Six Sigma
Last Word


Quality Management
A. Blanton Godfrey

Black-Belt Careers

A new training model extracts talent from within the organization.

In his September 14, 1999, column in The Wall Street Journal, Hal Lancaster describes how achieving black belt status in six sigma is enhancing career opportunities at a number of top companies. He claims that Jack Welch tells managers to master the six sigma discipline that leads to black belts if they want to move up at General Electric. Senior managers at AlliedSignal see their black belt program as a prime source for developing management talent. Lancaster quotes Jeffrey Shrull, a black belt at Weyerhaeuser, as calling six sigma the "hot-button issue of the day."

 My long-time friend Rick Dmytrow, who has become perhaps the most respected head-hunter in the quality world, recently told me that he has jobs for every black belt he can get his hands on. He says that even a new graduate with a degree of any level in statistics is a hot prospect in the business world these days.

 Why is black belt training providing such a career boost in so many companies? There are many reasons. In the past 10       or 15 years, many companies have consolidated resources and downsized          corporate staffs, often eliminating or shrinking the operations research, statistics or other analytic departments that were once available to support the business units, manufacturing plants and service operations. Many other companies never had strong departments in these areas and didn't add them as the company grew. At the same time, most businesses are becoming far more complex, and customer demands for defect-free, highly reliable products and services are increasing rapidly.

 Many companies have tried to fill the gaps in their talent and experience pools by hiring teams of outside consultants. The results have often been disappointing. After spending large sums of money having business operations radically redesigned only to find managers, workforce members and customers emerge thoroughly confused and rearranged, the companies have often achieved far less than they were promised. In many cases, the outsiders just don't have the knowledge of the company, the industry or the market to make the changes needed. In other situations, they aren't given the time and support they need to implement the required changes, and their work just becomes another unused study.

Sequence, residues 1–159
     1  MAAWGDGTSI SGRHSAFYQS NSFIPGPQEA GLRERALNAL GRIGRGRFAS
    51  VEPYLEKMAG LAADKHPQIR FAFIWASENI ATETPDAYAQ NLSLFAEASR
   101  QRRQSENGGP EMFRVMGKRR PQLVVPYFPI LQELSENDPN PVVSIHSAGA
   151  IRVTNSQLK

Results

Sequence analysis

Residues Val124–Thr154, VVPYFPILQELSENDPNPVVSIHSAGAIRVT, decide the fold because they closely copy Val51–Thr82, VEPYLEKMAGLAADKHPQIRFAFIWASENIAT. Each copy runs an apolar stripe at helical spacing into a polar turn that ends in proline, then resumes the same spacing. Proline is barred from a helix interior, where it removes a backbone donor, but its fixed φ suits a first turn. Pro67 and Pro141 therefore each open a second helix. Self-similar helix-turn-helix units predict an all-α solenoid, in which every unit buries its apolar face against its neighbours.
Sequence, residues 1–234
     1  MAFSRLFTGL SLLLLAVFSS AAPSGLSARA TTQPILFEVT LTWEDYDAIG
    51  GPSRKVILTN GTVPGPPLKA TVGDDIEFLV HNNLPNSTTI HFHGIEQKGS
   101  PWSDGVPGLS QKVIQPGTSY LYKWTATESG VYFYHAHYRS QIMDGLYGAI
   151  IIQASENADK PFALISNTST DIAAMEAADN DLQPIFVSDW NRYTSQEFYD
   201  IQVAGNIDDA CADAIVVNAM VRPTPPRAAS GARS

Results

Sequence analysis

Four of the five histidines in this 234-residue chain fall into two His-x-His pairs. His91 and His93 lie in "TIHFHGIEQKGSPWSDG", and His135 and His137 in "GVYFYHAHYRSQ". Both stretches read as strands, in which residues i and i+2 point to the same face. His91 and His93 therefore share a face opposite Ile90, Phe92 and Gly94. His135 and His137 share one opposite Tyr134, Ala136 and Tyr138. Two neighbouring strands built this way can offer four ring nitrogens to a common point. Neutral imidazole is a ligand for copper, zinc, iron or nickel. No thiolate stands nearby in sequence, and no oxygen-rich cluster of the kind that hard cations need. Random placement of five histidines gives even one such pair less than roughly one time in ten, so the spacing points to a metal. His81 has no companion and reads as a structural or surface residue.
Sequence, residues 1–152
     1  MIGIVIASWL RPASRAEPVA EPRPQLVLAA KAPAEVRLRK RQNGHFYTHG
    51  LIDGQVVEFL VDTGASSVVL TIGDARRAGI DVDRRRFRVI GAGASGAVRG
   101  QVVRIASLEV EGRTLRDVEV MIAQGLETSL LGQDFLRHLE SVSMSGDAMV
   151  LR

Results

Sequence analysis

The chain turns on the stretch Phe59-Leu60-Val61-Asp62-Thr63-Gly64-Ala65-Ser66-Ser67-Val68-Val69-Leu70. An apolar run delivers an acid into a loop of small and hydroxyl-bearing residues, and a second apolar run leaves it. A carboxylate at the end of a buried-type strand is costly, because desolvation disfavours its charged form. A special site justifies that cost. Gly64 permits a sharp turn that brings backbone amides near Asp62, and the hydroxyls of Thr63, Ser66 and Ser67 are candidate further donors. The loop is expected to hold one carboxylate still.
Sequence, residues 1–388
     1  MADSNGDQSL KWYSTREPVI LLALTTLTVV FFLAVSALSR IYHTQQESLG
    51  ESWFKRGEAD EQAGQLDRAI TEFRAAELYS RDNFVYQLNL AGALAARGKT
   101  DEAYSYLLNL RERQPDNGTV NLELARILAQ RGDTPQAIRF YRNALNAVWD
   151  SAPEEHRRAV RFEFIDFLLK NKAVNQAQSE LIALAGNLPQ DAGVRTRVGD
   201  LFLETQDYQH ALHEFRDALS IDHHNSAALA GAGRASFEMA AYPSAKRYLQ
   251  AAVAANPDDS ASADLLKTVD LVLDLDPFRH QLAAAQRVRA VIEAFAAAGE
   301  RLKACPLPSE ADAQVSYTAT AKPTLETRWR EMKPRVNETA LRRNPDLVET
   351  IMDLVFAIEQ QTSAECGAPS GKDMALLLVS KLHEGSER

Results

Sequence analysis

Many organizations are now opting instead to recreate the talent and ca-             pabilities inside without recreating the corporate departments that, in many companies, hadn't been tied closely enough to actual operations and bottom-line results. To do so, company leaders select a number of their top-performing managers, researchers and operations people for intensive training as green belts, black belts and master black belts. In large, well-managed organizations, statisticians, industrial engineers and operations research specialists who had been retained in central locations are now often becoming the master black belts. They help train new green and black belts, provide analytic support for solving complex problems, and serve as experienced consultants to senior managers and black belts throughout the organization.

 The primary reason for the career boost to people trained as black belts is the new skills set they possess. Much has been written about the intense statistical training they receive. These methods include basic problem solving, statistical modeling, regression, data analysis, hypothesis testing, process capability analysis, analysis of variance and design of experiments, reliability prediction and estimation, failure mode and effects analysis, and statistical process control. Many of these subjects are poorly taught in even the best engineering schools and are often ignored, or covered in such a superficial fashion as to be a waste of time, in business schools.

 Perhaps even more important, however, is the heavy emphasis on problem solving and the mandatory requirements to lead a project team in applying these methods to solve a significant problem within the organization. Here, problem-solving methods become real and black belts learn when and how these statistical tools are actually used. Most also receive a heavy dose of project management skills and team skills.

 The CEO, president, CFO and other senior managers are often present at black belt presentations. The CFOs are playing a major part in assuring that the projects have real bottom-line results that are seen by the company. This exposure is one of the key factors in the rapid promotion of many black belts.

 Many senior managers believe that the combination of this training and practical experience provides essential skills for the future. According to Raymond Stark, corporate vice president of six sigma and productivity at AlliedSignal, his company "uses black-belt training both to develop future managers and to sharpen the skills of line problem solvers."

 Even without considering the career-enhancement possibilities, many people in leading organizations are realizing that the new training offered in useful statistical methods, project management, problem solving and team leadership is the right thing at the right time for them. These are skills that are going to be valuable for a long time—in their current organizations or in those they may join in the future.

About the author

 A. Blanton Godfrey is chairman and CEO of Juran Institute Inc. in Wilton, Connecticut. Lately, he has been spending most of his time either teaching or coaching black belts. He believes that, for a statistician, this is like returning home. Godfrey appreciates all comments, questions and ideas from readers—especially your pet peeves.  Contact him by e-mail at agodfrey@qualitydigest.com .

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